The man accused of killing a woman and seriously injuring another in a stolen car in a horror crash outside Canberra Hospital has been marked a prisoner at risk.
Justin Monfries, 24, of Kambah, was still wearing hospital pyjamas and had a bandage on his head when he appeared in the ACT Magistrates Court this afternoon.
He faced eight charges including manslaughter, culpable driving causing death, culpable driving causing grievous bodily harm, stealing a car, and failing to stop or provide details after an accident.
Monfries did not enter pleas.
Police allege Monfries was behind the wheel of a stolen Toyota station wagon when he ran a red light on Yamba Drive at about 4.45pm yesterday, striking Linda Cox and Ashlee Bumpus as they crossed the road.
Both women were hospital employees who had just finished work.
Ms Cox died at the scene while Ms Bumpus suffered serious injuries.
Monfries allegedy failed to stop after the crash and then ploughed into another car at Hindmarsh Drive, suffering minor injuries.
Police say Monfries had also fled from another accident on Webster Street in Hughes just before he struck the two women.
Defence lawyer Sarah Boxall, of Craig Lynch & Associates, asked for the case to marked as a major matter.
She said Monfries should also be marked as a prisoner at risk because of his mental health issues.
The court heard Monfries was already due to appear in court in May and August on unrelated assault charges.
Prosecutor Travis Jackson said it would take at least six weeks to prepare the brief of evidence against Monfries.
Magistrate Peter Dingwall adjourned the matter to June and marked the defendant as a prisoner at risk.
A 38-year-old woman died at the scene, while the other was injured and was reported last night to be in a stable condition.
The driver was spotted by a Woden patrol car on Yamba Drive just before the crash.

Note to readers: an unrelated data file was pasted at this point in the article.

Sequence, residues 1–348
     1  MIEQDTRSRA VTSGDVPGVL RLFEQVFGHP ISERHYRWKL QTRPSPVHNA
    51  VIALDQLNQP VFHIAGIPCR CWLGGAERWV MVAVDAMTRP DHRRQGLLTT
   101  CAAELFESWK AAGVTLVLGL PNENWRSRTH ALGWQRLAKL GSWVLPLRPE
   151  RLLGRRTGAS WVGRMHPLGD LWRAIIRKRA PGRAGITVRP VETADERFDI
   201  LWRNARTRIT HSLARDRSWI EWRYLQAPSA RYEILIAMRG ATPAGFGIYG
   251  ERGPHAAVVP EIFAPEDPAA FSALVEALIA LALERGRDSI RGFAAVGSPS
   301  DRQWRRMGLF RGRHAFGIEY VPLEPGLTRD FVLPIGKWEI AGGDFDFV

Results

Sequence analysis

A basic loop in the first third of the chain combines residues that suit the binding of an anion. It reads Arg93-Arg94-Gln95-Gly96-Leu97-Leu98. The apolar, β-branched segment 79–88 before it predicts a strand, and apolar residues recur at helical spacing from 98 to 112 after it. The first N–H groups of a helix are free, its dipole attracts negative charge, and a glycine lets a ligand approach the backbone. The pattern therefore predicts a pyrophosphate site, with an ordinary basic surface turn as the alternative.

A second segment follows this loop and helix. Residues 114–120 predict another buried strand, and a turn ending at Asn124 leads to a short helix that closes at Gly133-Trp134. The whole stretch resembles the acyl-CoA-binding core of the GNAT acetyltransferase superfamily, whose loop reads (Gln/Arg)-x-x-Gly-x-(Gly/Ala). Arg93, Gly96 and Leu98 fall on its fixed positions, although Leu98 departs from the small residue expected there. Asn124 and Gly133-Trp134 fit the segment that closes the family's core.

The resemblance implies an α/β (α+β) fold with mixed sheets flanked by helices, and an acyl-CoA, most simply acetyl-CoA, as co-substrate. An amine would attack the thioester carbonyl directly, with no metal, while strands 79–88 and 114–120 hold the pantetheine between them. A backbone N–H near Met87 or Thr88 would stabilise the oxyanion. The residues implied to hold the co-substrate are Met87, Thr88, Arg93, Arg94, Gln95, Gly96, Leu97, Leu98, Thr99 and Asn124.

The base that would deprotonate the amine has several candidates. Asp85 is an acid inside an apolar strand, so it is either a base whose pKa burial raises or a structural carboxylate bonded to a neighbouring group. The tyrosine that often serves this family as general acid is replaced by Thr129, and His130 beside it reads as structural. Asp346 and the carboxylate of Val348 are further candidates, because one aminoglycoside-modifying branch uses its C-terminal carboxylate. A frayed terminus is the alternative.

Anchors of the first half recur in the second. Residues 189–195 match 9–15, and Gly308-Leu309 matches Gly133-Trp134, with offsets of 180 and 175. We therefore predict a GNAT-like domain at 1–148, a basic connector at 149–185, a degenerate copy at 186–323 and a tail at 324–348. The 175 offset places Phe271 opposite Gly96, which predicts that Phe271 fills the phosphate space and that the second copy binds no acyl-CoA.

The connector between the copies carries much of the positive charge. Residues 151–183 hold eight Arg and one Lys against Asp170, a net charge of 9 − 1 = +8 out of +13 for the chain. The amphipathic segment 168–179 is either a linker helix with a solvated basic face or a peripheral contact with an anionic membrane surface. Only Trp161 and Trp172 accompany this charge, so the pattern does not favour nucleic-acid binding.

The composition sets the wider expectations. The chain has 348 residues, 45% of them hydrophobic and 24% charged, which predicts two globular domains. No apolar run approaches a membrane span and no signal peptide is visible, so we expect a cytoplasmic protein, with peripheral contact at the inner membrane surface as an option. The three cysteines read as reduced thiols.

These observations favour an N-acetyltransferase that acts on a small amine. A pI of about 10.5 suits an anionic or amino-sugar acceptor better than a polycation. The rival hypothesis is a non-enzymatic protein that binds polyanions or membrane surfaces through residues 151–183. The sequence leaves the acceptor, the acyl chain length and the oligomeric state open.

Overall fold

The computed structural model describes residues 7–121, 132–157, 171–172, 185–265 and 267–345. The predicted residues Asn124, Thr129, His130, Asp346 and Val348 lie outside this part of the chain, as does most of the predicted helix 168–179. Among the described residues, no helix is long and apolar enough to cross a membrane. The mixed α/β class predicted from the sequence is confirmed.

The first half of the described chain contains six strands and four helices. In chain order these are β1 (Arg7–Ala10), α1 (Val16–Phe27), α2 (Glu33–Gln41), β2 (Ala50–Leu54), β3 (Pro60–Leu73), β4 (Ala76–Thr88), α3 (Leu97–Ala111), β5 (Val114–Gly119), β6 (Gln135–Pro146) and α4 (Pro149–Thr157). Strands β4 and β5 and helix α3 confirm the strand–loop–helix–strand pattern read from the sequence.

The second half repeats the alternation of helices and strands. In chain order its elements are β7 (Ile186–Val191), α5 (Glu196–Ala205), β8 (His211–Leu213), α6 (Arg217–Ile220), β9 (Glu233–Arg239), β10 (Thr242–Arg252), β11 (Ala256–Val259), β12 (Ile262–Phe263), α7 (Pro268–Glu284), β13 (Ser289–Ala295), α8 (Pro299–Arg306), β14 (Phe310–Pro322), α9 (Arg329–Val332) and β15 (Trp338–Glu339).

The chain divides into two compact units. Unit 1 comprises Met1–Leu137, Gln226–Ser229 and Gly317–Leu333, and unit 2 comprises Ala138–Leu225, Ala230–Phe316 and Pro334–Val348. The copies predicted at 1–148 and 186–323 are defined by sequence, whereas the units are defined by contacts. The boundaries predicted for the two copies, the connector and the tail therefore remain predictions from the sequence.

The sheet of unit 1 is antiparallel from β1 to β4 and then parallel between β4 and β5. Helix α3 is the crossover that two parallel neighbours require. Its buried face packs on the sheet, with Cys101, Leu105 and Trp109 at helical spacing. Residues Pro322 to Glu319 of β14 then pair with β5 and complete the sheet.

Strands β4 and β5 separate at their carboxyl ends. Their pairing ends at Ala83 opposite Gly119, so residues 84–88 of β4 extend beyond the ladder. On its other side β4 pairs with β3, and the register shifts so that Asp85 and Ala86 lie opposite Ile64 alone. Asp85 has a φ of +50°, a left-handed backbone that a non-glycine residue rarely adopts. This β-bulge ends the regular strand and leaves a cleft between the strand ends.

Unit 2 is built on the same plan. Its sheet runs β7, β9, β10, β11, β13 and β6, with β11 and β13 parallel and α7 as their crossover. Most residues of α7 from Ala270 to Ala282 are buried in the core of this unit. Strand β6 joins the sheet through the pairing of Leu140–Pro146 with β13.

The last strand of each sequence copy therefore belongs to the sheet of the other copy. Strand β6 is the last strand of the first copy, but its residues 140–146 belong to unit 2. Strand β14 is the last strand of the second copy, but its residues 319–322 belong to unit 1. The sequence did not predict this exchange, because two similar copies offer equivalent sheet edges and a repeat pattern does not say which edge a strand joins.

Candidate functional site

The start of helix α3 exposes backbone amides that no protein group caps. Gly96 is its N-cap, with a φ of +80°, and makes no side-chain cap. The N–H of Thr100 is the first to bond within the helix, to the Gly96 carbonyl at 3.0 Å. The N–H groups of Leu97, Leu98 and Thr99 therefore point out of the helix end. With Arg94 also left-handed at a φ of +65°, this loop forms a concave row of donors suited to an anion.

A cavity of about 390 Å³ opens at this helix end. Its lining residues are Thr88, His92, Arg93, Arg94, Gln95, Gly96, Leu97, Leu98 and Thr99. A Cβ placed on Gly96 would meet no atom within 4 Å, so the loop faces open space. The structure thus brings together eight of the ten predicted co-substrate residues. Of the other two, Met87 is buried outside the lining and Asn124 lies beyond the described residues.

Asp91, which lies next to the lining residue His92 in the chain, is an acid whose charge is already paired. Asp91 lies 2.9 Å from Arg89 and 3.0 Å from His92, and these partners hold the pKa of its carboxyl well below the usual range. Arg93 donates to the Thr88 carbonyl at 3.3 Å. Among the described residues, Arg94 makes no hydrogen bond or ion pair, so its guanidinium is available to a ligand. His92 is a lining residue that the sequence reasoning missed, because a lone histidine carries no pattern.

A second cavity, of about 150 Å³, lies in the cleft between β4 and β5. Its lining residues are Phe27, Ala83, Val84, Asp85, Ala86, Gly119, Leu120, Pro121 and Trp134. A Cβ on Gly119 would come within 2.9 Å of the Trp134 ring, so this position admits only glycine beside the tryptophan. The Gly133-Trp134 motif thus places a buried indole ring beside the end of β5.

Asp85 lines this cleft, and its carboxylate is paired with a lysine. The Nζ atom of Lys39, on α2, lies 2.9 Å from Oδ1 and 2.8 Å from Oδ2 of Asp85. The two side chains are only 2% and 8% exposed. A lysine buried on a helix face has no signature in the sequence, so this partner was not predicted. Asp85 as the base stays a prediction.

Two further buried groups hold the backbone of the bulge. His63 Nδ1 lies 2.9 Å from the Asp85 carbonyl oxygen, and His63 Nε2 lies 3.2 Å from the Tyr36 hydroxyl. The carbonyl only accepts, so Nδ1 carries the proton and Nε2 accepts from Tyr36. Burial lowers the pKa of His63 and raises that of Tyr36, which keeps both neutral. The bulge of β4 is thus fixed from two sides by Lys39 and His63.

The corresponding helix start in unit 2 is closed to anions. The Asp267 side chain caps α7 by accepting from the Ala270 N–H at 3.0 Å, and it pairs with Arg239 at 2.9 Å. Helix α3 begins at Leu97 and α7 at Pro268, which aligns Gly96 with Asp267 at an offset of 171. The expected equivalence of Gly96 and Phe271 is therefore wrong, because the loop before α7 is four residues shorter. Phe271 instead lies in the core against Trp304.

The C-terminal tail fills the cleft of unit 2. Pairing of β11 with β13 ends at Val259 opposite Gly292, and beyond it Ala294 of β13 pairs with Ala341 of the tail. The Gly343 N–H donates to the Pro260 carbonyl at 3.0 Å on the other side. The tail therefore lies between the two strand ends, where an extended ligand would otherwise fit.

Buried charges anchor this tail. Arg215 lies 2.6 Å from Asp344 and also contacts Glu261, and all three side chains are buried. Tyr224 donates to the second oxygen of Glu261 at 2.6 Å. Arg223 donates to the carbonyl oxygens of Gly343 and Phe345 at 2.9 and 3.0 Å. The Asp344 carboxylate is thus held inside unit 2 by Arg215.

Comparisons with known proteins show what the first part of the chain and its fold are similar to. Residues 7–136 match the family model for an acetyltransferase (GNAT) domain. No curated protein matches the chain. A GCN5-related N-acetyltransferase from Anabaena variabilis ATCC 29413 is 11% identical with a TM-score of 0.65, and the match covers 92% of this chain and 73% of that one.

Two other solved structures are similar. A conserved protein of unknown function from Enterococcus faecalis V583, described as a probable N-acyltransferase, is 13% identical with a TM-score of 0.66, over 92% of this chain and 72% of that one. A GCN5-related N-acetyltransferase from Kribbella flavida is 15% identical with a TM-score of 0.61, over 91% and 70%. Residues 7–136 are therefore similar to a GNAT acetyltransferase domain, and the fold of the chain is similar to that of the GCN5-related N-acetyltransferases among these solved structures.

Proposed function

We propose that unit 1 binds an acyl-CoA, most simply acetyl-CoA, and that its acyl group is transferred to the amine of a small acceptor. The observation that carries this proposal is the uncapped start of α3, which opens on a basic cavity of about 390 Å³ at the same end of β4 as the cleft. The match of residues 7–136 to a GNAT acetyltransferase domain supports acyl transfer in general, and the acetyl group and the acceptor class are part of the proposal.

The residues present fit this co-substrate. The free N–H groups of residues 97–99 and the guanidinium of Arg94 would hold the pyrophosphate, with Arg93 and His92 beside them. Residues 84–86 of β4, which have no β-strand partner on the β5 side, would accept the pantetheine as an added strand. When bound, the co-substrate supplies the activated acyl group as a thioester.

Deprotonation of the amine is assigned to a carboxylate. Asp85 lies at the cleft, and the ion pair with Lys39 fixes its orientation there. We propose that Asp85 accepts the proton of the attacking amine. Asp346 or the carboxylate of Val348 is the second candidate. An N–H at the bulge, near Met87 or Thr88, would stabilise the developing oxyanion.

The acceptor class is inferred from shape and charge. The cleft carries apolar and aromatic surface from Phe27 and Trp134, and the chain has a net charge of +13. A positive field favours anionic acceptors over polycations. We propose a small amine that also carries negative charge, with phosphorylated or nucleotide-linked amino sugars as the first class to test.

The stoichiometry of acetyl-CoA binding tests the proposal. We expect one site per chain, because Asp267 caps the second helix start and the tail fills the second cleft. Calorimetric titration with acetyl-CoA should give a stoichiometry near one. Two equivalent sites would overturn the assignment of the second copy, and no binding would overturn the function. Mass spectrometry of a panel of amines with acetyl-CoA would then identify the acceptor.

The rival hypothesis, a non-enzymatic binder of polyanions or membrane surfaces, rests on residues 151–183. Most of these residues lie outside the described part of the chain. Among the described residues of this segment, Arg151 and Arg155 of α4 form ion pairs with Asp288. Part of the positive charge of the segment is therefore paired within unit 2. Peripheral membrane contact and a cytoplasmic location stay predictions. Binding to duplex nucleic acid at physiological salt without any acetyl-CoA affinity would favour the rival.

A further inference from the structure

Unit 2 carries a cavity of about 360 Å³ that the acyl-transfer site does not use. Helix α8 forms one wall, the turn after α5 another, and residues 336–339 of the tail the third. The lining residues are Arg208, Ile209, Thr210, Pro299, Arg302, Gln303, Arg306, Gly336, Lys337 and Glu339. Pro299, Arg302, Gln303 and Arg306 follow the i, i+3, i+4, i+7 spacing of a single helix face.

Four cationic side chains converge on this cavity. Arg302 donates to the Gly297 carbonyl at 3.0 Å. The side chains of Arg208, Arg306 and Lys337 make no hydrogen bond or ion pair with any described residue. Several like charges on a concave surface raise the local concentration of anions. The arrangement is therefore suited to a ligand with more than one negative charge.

After hitting the women, police allege the station wagon continued a short distance on Yamba Drive before crashing into another vehicle near Hindmarsh Drive.
The earlier incident in Webster Street, Hughes, was witnessed by an off-duty AFP member, who reported that the Camry had been driving erratically before the collision and had fled the scene.
Traffic Operations Superintendent Kylie Flower told The Canberra Times that the time between the two incidents was short.
"All the usual inquiries, procedures and protocols in accordance with the crash at this time have been conducted," Superintendent Flower said.
Yamba Drive was blocked last night between Kitchener Street and Hindmarsh Drive as the ACT Policing collision investigation and reconstruction team inspected the scene.
Peak-hour traffic had to be diverted.
ACT Chief Minister and Health Minister Katy Gallagher confirmed both women were employees at the hospital and were leaving work for the day when they were hit. She didn't know their exact roles at the hospital.
Counsellors roamed the hospital last night informing people of the incident and offering assistance to staff on duty. The service will continue over the next few days.
"I understand a lot of people who were on duty may have heard the accident and assisted initially in the immediate response," Ms Gallagher said.
"Obviously they've had to be replaced and staffing changes have had to occur.
"It's a pretty distressing time for everyone out there at the hospital.
"It's incredibly sad ... the Canberra Hospital is a very close-knit environment. Everyone knows everybody and they're very supportive of each other so something like this will be devastating to everybody who works at the hospital."
After more than 12 months without a road fatality, this is the second death in a week on ACT roads.
Anyone who witnessed the crash and is yet to speak to police is urged to contact Crime Stoppers on 1800 333 000.